As the backlash against America's lax gun laws continued to grow after the Newtown tragedy, Wal-Mart announced yesterday that it was suspending the sale of models of the AR-15 Bushmaster rifle similar to the one police say Adam Lanza used last Friday.
The decision by America's most recognised discount retailer followed a similar move by another chain, Dick's Sporting Goods, to suspend sales of all hunting rifles. At the same time, one of the country's largest asset management firms, Cerberus Capital, said it would sell its stake in Freedom Group, the maker of the Bushmaster, lending weight to the sense that patience with years of inertia on gun control may have snapped.
Jay Carney, the White House spokesman, said last night that President Barack Obama wanted to reinstate an assault weapons ban. He said the President was "actively supportive" of a Democratic Senator Dianne Feinstein's plan to introduce a bill on the first day of the next Congress and would also consider curbs on high-capacity ammunition and loopholes.
Mr Obama has told members of his cabinet to come forward with concrete steps to reduce public access to guns, which among other things could include reinstating a ban on assault weapons that had been in place for 10 years before it expired in 2004. The task of co-ordinating that effort will go to Vice-President Joe Biden, according to reports.
Last night the National Rifle Association broke its silence on the shootings. The powerful lobby group issued a statement that read: "We were shocked, saddened and heartbroken by the news of the horrific and senseless murders in Newtown
"The NRA is prepared to offer meaningful contributions to help make sure this never happens again."
Momentum after the Newtown tragedy, which saw 28 people killed including 20 children aged five and six, the killer and his mother, is also coming from moderate Democrats in the US Senate who, in spite of having strong ties to the gun lobby, have stepped forward this week to voice their support for a review of the laws. These include the Senate Majority Leader Harry Reid and West Virginia Senator Joe Manchin, a long-time supporter of the NRA.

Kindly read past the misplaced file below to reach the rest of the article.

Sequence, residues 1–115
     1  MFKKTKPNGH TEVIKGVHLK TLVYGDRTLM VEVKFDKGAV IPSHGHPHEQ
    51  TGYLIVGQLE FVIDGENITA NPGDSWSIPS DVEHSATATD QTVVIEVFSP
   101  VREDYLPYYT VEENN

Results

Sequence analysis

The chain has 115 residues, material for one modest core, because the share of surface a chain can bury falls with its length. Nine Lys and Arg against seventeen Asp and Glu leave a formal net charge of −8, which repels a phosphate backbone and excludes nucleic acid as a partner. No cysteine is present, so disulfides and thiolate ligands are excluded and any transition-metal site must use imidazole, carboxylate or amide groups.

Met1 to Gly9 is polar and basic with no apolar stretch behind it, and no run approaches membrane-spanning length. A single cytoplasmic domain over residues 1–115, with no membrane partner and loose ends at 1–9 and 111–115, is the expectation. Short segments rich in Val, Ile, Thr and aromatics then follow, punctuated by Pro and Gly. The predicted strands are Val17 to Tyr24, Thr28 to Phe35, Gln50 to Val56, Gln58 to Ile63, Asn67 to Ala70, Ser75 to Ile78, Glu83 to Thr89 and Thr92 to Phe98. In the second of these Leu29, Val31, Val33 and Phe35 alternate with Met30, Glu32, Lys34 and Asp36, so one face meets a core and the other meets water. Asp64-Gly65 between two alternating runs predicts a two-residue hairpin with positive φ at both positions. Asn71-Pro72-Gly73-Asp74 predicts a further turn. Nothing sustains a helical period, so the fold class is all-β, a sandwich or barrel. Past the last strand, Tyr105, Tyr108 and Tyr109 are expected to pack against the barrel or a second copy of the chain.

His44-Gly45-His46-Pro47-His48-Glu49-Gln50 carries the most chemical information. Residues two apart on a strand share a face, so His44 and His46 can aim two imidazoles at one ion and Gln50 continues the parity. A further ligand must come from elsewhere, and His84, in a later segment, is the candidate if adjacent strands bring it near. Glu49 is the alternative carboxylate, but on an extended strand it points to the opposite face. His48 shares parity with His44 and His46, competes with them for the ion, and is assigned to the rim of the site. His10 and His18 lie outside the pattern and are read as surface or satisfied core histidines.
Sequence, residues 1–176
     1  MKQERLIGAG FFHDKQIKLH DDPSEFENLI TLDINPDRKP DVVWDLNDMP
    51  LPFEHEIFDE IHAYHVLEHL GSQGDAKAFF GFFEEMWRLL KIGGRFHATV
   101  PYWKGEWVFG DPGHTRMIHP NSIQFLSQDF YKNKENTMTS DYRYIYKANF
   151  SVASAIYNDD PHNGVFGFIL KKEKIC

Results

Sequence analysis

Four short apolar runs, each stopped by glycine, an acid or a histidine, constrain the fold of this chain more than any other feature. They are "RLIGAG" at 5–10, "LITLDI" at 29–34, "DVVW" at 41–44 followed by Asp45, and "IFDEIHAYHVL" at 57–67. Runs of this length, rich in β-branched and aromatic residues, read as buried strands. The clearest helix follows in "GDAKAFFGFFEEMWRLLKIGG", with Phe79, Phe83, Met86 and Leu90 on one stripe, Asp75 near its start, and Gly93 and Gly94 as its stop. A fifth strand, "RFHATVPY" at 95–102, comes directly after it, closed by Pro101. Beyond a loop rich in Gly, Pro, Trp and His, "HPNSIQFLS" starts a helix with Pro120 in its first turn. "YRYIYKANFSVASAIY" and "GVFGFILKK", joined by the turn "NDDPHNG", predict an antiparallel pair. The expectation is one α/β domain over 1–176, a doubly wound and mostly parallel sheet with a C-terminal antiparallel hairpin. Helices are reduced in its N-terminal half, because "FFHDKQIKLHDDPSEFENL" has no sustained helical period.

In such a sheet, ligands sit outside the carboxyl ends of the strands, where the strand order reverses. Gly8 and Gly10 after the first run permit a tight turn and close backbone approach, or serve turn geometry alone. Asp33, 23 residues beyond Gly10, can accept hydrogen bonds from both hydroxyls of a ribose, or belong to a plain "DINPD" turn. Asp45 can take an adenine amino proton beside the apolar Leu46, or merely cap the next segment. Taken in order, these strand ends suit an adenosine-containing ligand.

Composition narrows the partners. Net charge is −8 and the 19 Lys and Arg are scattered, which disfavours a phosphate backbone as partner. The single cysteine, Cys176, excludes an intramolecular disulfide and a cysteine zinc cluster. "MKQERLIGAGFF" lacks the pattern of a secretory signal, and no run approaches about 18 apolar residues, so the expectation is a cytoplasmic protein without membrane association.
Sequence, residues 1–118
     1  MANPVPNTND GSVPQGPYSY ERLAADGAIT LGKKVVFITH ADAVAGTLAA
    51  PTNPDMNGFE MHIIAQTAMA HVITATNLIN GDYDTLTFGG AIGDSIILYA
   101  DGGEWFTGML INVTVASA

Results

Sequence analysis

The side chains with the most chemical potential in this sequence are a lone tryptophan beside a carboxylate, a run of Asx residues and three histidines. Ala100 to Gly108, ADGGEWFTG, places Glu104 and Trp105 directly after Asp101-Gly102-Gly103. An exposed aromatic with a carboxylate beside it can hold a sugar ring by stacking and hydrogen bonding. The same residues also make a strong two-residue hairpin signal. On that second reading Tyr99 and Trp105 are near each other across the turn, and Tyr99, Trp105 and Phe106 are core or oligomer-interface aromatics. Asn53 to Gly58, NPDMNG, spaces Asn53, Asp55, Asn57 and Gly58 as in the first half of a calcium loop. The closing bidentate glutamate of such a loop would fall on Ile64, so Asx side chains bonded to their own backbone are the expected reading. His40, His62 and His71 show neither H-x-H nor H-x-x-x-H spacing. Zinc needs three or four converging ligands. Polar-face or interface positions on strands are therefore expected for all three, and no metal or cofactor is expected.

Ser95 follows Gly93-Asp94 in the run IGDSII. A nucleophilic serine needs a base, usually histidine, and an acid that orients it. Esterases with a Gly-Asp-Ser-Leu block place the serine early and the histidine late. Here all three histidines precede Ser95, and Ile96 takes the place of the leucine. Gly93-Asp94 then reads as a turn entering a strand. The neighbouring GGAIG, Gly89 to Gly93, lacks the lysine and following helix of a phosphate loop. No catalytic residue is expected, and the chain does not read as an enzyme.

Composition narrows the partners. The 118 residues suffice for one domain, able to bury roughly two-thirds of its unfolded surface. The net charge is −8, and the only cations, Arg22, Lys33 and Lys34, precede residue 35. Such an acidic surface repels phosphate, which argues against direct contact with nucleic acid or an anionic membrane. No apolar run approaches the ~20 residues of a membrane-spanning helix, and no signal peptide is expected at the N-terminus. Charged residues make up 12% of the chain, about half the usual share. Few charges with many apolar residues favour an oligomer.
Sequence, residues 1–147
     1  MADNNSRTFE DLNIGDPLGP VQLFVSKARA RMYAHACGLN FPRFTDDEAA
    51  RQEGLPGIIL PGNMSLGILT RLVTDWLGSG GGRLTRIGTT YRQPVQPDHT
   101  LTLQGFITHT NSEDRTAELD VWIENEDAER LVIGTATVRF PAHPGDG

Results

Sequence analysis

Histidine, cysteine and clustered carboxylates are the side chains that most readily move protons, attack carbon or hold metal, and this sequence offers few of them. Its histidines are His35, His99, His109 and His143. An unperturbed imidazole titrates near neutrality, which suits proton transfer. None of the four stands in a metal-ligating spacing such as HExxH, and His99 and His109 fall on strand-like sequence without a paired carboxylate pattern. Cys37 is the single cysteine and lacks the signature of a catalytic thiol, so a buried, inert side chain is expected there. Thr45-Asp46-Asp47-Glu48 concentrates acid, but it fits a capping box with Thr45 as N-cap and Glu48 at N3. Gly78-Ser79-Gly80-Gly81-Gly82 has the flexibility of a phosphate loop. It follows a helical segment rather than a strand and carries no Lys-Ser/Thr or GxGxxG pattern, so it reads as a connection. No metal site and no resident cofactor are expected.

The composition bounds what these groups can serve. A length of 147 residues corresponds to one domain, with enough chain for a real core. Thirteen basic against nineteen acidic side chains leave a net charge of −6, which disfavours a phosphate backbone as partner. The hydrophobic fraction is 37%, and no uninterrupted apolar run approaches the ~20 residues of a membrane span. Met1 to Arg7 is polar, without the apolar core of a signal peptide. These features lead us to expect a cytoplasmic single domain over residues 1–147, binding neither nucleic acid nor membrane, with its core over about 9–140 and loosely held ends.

"We ought to feel guilty," Connecticut Senator Joe Lieberman said in the Senate yesterday. "We have failed to fulfil what seemed to be our most natural responsibility, which is to protect the safety and lives our children." Despite these moves, anecdotal evidence suggests that in some parts of the US the shooting has increased demand for guns. Larry Hyatt, owner of Hyatt Gun Shop in Charlotte, North Carolina, told the Huffington Post: "This tragedy is pushing sales through the roof. It's like putting gasoline on a fire."
Among clients for whom Cerberus makes investments are the pension funds of public workers, including teachers. Indeed, California State Teachers' Retirement System said on Monday that it was reviewing its relationship with Cerberus because of the stake it held in Freedom Group. But there may also be a far more personal reason behind Cerberus's decision: the father of its founder, Stephen Feinberg, is a resident of Newtown.
There will be no real debate in Congress until next year, and even then many members will be assessing what kind of political risk will come with taking on the NRA. So far there have been no Republicans among those senators speaking out.
It was not clear for how long the sales suspensions at Wal-Mart and Dick's would last. "Out of respect for the victims and their families, during this time of national mourning we have removed all guns from sale and from display in our store nearest to Newtown and suspended the sale of modern sporting rifles in all of our stores chainwide," Dick's said in a statement.